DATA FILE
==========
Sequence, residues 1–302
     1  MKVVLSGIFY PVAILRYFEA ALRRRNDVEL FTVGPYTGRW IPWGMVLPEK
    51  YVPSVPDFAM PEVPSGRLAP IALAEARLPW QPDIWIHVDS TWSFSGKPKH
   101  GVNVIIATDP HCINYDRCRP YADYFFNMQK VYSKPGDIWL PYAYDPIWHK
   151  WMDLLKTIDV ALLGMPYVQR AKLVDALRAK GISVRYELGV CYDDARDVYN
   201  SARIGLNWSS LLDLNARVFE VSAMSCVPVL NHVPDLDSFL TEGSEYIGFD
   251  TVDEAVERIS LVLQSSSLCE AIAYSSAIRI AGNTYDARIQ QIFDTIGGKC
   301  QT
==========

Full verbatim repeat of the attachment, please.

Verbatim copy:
Sequence, residues 1–302
     1  MKVVLSGIFY PVAILRYFEA ALRRRNDVEL FTVGPYTGRW IPWGMVLPEK
    51  YVPSVPDFAM PEVPSGRLAP IALAEARLPW QPDIWIHVDS TWSFSGKPKH
   101  GVNVIIATDP HCINYDRCRP YADYFFNMQK VYSKPGDIWL PYAYDPIWHK
   151  WMDLLKTIDV ALLGMPYVQR AKLVDALRAK GISVRYELGV CYDDARDVYN
   201  SARIGLNWSS LLDLNARVFE VSAMSCVPVL NHVPDLDSFL TEGSEYIGFD
   251  TVDEAVERIS LVLQSSSLCE AIAYSSAIRI AGNTYDARIQ QIFDTIGGKC
   301  QT